top of page

Frequently Asked Questions

Q: What is a Material Safety Data Sheet (MSDS) or Safety Data Sheet (SDS)?

 

An SDS is a document that provides important health and safety information for a particular substance. Such a document can include information on the safe handling, use, storage and emergency response of chemicals.

Q: What regulations require that I keep SDSs?

 

In the U.S. the Occupational Safety and Health Administration (OSHA) is responsible for the Hazard Communication Standard (HCS) that outline the required elements that must be stated on an SDS.

In Canada SDSs are required for all products meeting any of the standards set out in Part IV of the Controlled Product Regulations (CPR).

Q: Do SDSs expire? Do I need to update them?

 

Some SDS expire, however, that depends on the local laws of your jurisdiction. Check with your local Occupational Health and Safety law enforcement agencies to determine if the SDSs in your area have an expiry time frame. (Ex. In Canada, under WHMIS 1988, an SDS expires 3 years from its date of preparation).

All SDSs are required to be updated, under specific conditions. This will also vary by jurisdiction. Generally speaking if something about the chemical or the SDS changes then a new copy must be acquired by the company to replace the older one.

Q: What are the penalties for not having my required SDSs?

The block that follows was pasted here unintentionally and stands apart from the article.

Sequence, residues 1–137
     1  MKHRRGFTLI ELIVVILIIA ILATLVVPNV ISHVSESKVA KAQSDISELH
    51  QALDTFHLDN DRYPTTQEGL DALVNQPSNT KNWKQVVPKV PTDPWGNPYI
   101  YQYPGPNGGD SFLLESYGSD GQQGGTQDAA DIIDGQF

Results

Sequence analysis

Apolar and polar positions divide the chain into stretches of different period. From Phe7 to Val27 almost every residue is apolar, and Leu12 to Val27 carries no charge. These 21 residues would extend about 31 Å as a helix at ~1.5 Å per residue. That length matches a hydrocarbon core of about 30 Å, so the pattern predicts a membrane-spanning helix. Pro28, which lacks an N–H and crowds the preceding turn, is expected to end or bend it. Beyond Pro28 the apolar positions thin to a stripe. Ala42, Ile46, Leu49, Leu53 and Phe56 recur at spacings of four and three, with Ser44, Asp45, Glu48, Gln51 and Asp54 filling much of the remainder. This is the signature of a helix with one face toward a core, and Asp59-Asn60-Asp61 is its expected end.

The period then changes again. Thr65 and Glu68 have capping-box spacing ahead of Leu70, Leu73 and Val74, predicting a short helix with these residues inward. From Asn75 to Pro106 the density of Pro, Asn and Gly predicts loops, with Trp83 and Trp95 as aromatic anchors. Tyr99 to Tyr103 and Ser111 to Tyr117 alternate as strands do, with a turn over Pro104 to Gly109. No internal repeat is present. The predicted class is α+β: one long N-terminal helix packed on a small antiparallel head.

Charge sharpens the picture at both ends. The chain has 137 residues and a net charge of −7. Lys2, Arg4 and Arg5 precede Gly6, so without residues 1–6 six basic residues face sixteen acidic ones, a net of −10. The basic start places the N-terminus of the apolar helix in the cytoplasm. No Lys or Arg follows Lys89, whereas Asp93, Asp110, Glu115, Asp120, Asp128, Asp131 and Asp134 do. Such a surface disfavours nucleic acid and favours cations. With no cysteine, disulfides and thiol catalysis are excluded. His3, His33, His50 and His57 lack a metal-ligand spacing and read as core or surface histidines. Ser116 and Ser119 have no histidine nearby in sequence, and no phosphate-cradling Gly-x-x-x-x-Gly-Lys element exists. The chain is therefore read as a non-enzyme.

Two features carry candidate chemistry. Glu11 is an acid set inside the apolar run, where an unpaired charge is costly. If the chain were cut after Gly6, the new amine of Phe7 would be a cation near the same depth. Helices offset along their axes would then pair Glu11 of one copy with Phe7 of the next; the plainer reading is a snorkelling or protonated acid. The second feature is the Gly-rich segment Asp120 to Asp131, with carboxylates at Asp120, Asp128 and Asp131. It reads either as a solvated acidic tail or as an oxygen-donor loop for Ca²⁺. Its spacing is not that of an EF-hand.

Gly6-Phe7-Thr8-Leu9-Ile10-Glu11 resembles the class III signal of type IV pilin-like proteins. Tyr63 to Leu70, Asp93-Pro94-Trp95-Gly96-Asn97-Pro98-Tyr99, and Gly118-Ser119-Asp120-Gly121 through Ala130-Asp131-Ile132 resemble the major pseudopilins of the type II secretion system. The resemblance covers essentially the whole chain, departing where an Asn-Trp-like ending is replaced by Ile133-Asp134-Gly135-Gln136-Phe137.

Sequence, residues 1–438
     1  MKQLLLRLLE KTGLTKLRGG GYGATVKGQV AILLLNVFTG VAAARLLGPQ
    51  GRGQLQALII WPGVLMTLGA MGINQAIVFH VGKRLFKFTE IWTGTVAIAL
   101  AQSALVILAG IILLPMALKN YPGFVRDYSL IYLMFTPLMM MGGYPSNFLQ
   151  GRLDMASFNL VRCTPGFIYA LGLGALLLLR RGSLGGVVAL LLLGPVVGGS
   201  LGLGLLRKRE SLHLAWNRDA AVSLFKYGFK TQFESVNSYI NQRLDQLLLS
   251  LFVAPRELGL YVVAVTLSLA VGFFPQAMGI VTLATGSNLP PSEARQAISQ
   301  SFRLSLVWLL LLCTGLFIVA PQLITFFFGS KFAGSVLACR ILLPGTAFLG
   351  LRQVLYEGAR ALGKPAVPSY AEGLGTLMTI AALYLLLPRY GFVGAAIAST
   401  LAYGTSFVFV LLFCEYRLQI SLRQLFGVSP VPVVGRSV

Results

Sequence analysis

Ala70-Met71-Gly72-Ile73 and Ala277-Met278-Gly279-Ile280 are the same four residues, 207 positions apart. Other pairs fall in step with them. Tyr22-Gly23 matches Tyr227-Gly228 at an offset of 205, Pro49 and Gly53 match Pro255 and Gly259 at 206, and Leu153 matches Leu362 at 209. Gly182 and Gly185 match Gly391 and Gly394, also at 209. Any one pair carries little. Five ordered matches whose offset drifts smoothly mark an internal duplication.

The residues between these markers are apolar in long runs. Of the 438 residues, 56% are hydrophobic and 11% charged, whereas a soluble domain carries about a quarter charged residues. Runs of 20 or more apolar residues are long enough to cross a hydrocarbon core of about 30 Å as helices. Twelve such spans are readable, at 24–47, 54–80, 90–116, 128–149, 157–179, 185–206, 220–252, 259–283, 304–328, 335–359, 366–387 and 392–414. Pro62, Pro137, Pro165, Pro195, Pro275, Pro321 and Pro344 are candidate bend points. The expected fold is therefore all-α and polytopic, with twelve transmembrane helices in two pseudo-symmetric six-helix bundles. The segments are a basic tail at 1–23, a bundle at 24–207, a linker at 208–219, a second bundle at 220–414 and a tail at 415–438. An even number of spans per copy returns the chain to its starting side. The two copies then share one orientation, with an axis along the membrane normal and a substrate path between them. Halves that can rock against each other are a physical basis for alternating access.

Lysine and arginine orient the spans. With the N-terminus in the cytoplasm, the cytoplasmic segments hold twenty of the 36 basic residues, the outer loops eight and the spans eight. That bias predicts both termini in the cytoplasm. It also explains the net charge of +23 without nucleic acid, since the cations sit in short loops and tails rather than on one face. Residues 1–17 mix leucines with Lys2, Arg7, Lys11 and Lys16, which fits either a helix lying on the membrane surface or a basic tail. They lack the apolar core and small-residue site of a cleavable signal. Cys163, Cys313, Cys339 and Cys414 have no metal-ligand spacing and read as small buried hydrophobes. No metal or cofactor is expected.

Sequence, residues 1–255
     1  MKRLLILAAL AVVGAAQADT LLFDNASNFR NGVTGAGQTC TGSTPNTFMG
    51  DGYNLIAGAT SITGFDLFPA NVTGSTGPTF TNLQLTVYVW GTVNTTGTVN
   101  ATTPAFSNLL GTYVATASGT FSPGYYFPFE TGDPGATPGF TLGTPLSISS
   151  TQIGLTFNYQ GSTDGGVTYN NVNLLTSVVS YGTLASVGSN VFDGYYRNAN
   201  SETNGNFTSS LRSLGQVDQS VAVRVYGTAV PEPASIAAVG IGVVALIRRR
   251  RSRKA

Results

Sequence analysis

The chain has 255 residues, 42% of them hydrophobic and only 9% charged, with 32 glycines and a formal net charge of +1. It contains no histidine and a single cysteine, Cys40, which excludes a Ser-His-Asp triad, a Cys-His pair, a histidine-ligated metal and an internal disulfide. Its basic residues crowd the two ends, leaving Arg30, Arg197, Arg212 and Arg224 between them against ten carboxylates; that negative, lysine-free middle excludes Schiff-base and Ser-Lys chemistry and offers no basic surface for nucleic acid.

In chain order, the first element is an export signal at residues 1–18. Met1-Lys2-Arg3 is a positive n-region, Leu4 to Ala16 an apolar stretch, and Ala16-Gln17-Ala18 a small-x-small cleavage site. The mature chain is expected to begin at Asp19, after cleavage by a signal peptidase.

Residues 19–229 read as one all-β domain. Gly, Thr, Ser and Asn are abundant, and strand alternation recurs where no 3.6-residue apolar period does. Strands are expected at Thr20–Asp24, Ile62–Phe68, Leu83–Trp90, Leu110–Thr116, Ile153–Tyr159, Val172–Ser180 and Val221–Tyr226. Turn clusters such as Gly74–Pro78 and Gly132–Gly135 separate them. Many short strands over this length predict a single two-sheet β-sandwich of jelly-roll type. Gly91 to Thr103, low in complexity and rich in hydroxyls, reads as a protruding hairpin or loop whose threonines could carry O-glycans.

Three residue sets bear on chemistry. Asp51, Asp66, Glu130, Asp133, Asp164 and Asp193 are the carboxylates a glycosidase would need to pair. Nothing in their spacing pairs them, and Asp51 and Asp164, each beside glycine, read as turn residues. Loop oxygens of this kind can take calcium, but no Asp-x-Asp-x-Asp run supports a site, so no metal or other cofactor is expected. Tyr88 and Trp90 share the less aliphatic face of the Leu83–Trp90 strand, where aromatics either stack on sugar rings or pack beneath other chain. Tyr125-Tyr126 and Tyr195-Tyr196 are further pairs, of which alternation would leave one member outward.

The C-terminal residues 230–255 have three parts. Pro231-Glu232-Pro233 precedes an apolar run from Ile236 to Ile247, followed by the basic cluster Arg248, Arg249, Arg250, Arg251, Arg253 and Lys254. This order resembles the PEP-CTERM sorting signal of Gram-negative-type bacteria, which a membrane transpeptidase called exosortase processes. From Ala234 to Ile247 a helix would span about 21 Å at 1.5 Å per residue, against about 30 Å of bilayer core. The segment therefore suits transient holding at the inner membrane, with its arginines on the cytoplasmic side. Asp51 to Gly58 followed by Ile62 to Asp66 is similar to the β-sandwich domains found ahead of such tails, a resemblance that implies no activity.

Penalties vary by jurisdiction and in theory can span from small citations of around $200 up to hundreds of thousands of dollars, if connected to a harmful exposure. It’s important to note that non-compliance with SDS requirements can not only result in immediate fines but can also be used by enforcement officers in building a case to demonstrate general non-compliance to safety laws and lack of due diligence. Ultimately there are a number of factors that contribute to fines and citations that vary by jurisdiction. For specific examples contact your local Health and Safety Enforcement branch.

Q: Can I request SDSs for chemicals that don't need an SDS?

 

Yes, many chemicals do not fall under the requirements for SDSs or are exempt from workplace SDS requirements but still have SDS made for them. At SDS Smart we will do our best to locate any SDS you request. If we cannot find one because the legislation does not apply or it is exempt we will notify you.

Q: Does online SDS management software meet legal requirements?

 

Check your local enforcement agencies but most jurisdictions (like the United States and Canada) allow the use of software solutions if certain requirements are met. These usually include:

  1. The SDS must be readily accessible. Therefore employees must be able to easily access the online database at any time. This is usually done through a local computer, smart phone or other means of digital access.
  2. Training must be provided to ensure works know how to access and use the software and hardware necessary to get to the online database. This usually means workers are provided and shown the steps necessary to login to the computer and the online database. Such training materials are freely available once signed up with an SDS Smart package.

  3. Emergency planning and procedures must be in place to ensure adequate backup systems are available.

  4. Hard copies of the SDS must be readily obtainable immediately upon request. With various online and offline print options this is an easy task with SDS Smart.

Q: Is there a difference between MSDS and an SDS?

 

No. A Material Safety Data Sheet (MSDS) and a Safety Data Sheet (SDS) are the same thing. Under the new Global Harmonization System (GHS) the common term “MSDS” has been replaced with “SDS”. Both however, represent the same sheets.